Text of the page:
Our Lady of Walsingham: The Sublime Beauty of the Ordinary

In a fallen world, there is always the temptation (and the fuel) to focus on the grim and the dramatically painful, letting the small and beautiful pass by, unnoticed and uncelebrated.

So it is with the apparition and message behind the Basilica of Our Lady of Walsingham. While it seems foolish to imagine that Our Lady, the very Queen of Heaven, would deign to appear in a supernatural vision to someone, and that the heart of her otherworldly message would be swallowed up in dreary worldliness, this is precisely the fate the Walsingham apparition nearly suffered.

Today, one can visit the minor basilica, affectionately known as “The Slipper Chapel”. This chapel was once only a small part of the Walsingham pilgrimage site and was the place where the faithful would stop and remove their shoes to walk the last mile barefooted before arriving at their ultimate destination. For nearly 500 years, unnumbered, unshod pilgrims walked up to a site that first held a modest wooden house, then a small stone priory, then a much larger building with four gilded spires and a relic of St. Peter’s finger. A building that once inspired a Prior to spend so much money on its improvements that he was dismissed, and equally inspired the famous humanist Erasmus to compose a prayer in Our Lady’s honor.

A building that, thanks to the wars and greed of man, no longer stands today. Now, the relics are ashes, the stained glass smashed, and the imported stones hauled down and carted away.  Today, the very building that Our Lady once requested to be constructed is gone. All that is left is the chapel where long-dead pilgrims removed their shoes to tread holy ground.

The source for the destruction is a familiar one to students of history. The English Reformation, begun by Henry VIII and followed through by his daughter, Elizabeth I, resulted in numerous martyrs for the faith, destruction of holy objects, and confiscation of Church property. The pilgrimage site of Walsingham wasn’t spared Henry’s wrath, and today, all that remains is the East Window, an unseeing eye into the sins of the past.

But if we continue even farther back into history—before the fires and destruction of the Reformation, before the large gilded priory, before the smaller first priory—we see a modest house, built upon a small dry space between two wells. And if we continue in reverse, we see a young, wealthy widow, being visited by the Blessed Virgin Mary, and being shown that first dwelling, in a small dusty space in Nazareth, where Heaven broke through to Earth because of a freely given “yes”.

The Story of Walsingham

Walsingham is, at its heart, the story of Our Lady’s fiat.  In 1061, a devout widow by the name of Richeldis de Faverches desired to do something special to honor the Blessed Virgin Mary. Her wish was granted in the form of three supernatural visitations, where Mary came to the young widow and revealed the home in Nazareth where the Archangel Gabriel appeared during the Annunciation. Our Lady tasked the Englishwoman with constructing a replica in Walsingham, promising that “whoever seeks my help there will not go away empty handed”.

De Faverches took the instructions to heart, and had construction begin immediately. When human endeavors ran into architectural and engineering difficulties, angelic help rushed in, with the tradition holding that de Faverches heard singing one night and looked out her window to see the structure, now completed and in a different location than planned, with two angels leaving the construction zone.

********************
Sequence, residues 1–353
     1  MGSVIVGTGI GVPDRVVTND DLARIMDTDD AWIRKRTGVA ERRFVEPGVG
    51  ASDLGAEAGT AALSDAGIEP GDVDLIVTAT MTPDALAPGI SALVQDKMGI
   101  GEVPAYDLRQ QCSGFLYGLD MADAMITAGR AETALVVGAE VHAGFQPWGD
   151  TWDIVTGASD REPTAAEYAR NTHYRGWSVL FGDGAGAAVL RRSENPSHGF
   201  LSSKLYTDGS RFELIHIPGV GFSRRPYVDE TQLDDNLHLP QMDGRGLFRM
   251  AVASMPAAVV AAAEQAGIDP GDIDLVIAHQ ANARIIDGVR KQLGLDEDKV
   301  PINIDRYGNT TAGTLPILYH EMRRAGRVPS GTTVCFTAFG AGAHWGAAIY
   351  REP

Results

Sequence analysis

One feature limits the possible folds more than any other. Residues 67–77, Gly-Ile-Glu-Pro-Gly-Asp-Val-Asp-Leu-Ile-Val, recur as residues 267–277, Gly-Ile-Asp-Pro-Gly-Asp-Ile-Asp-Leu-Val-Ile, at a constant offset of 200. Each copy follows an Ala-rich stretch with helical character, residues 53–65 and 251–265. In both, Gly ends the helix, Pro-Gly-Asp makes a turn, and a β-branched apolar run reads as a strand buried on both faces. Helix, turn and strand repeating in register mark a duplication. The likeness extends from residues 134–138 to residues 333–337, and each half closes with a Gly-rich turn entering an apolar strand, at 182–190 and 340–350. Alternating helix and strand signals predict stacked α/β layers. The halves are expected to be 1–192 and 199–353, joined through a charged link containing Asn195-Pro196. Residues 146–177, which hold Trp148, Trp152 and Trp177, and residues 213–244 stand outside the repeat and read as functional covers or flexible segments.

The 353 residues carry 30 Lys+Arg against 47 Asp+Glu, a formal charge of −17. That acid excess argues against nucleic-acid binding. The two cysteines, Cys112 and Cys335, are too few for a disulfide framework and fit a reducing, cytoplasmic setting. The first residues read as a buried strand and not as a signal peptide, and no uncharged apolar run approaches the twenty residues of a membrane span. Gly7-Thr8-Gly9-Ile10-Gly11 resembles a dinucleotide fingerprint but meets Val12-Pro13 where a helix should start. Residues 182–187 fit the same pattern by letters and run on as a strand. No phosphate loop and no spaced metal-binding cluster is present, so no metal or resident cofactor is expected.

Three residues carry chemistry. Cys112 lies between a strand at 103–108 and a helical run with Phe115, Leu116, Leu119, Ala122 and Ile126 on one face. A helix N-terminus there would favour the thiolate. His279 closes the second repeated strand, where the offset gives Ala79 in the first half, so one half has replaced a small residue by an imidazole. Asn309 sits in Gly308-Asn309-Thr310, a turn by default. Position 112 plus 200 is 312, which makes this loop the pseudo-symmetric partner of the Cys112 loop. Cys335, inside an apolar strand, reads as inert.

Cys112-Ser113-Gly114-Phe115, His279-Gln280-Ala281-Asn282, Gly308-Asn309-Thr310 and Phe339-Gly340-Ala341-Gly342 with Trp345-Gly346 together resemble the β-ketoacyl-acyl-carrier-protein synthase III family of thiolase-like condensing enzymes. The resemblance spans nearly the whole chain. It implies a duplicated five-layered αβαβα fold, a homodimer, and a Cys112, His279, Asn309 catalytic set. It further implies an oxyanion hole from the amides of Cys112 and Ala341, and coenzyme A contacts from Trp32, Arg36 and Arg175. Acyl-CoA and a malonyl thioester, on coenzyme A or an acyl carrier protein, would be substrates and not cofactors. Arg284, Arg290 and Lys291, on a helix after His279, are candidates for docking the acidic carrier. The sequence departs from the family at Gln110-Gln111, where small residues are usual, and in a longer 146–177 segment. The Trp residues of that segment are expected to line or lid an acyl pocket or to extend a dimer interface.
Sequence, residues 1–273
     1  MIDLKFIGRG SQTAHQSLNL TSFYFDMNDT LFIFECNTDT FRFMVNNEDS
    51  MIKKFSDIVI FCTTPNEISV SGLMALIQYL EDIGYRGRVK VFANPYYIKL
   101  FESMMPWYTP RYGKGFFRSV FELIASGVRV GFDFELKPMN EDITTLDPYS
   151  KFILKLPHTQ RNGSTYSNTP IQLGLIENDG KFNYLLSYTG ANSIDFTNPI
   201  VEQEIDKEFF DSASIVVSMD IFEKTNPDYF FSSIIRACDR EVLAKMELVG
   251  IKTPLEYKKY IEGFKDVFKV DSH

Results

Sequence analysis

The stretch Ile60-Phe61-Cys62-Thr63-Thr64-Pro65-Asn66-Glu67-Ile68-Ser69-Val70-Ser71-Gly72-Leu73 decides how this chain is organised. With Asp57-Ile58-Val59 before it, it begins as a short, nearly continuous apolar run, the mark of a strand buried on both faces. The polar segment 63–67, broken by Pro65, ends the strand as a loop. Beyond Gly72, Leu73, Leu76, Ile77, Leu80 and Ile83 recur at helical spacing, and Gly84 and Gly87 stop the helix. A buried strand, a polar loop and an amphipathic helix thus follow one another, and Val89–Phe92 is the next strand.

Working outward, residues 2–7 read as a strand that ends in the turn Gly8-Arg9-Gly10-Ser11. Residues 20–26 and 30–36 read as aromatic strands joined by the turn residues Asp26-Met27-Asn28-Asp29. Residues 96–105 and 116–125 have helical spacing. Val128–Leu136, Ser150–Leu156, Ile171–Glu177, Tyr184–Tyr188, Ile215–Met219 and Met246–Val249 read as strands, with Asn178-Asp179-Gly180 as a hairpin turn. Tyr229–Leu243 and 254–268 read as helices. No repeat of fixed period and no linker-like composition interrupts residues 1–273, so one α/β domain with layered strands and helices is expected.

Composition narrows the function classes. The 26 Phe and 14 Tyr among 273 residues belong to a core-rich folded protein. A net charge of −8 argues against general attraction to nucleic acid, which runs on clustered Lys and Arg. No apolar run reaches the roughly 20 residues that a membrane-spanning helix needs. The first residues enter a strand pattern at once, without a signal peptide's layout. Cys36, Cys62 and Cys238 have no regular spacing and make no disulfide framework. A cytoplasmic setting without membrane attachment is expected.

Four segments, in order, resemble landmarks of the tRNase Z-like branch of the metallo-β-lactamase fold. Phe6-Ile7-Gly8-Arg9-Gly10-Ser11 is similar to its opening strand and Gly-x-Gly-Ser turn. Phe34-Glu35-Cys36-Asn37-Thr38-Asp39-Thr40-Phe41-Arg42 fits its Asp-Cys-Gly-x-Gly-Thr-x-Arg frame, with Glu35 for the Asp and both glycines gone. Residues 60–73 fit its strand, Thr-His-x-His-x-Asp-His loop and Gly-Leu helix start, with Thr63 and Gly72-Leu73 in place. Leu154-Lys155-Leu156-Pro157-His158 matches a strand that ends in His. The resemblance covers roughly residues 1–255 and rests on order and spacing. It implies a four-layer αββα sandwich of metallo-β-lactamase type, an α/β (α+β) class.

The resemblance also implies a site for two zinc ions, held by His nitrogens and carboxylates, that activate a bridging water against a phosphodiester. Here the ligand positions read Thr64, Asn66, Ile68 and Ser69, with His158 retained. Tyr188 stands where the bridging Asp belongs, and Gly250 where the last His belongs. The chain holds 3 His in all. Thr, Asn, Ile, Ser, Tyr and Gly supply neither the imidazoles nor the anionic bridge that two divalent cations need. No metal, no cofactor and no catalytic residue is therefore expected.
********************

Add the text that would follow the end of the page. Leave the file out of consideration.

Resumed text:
Eventually, to protect it from the elements, the wooden structure was encased by the first stone priory. Then, as pilgrims flocked to it, a larger one, with the fire and destruction of the Reformation ultimately bringing it all down. But to focus on these aspects misses the point of Our Lady’s request. Mary requested a replica of the location of the Annunciation to be made. To drive home the importance of the Incarnation, the Mother of God asked for the physical location of her fiat to be celebrated.

What a shocking thing for people who want to keep God in strictly spiritual and intellectual realms! To imagine that a geographical space would matter to God, to think that He may feel affection for a humble dwelling place? For those who hold God at arm’s length, and feel safer when He is “On High” and not breaking through into our daily, physical world, imagining that He notices and responds to earthly buildings is a dangerous thought.

Today, little of the original Walsingham site remains. The humble wooden replica of Our Lady’s Nazarene home is long, long gone. But perhaps all is not lost. Perhaps we modern day pilgrims can pause, and reflect on where we gave our specific, individual fiats to Christ. Perhaps, if we imbued the physical locations of our conscious conversions with holiness and sanctity, the whole world would become a pilgrimage site, and no amount of fire or destruction could take it away from us.

image: Our Lady of Walsingham, Our Lady Queen of England by Fr. Lawrence Lew, O.P. / Flickr (CC BY-NC-ND 2.0)

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Cari Donaldson lives on a New England farm with her high school sweetheart, their six kids, and a menagerie of animals of varying usefulness. She is the author of Pope Awesome and Other Stories, and has a website for her farm, Ghost Fawn Homestead.

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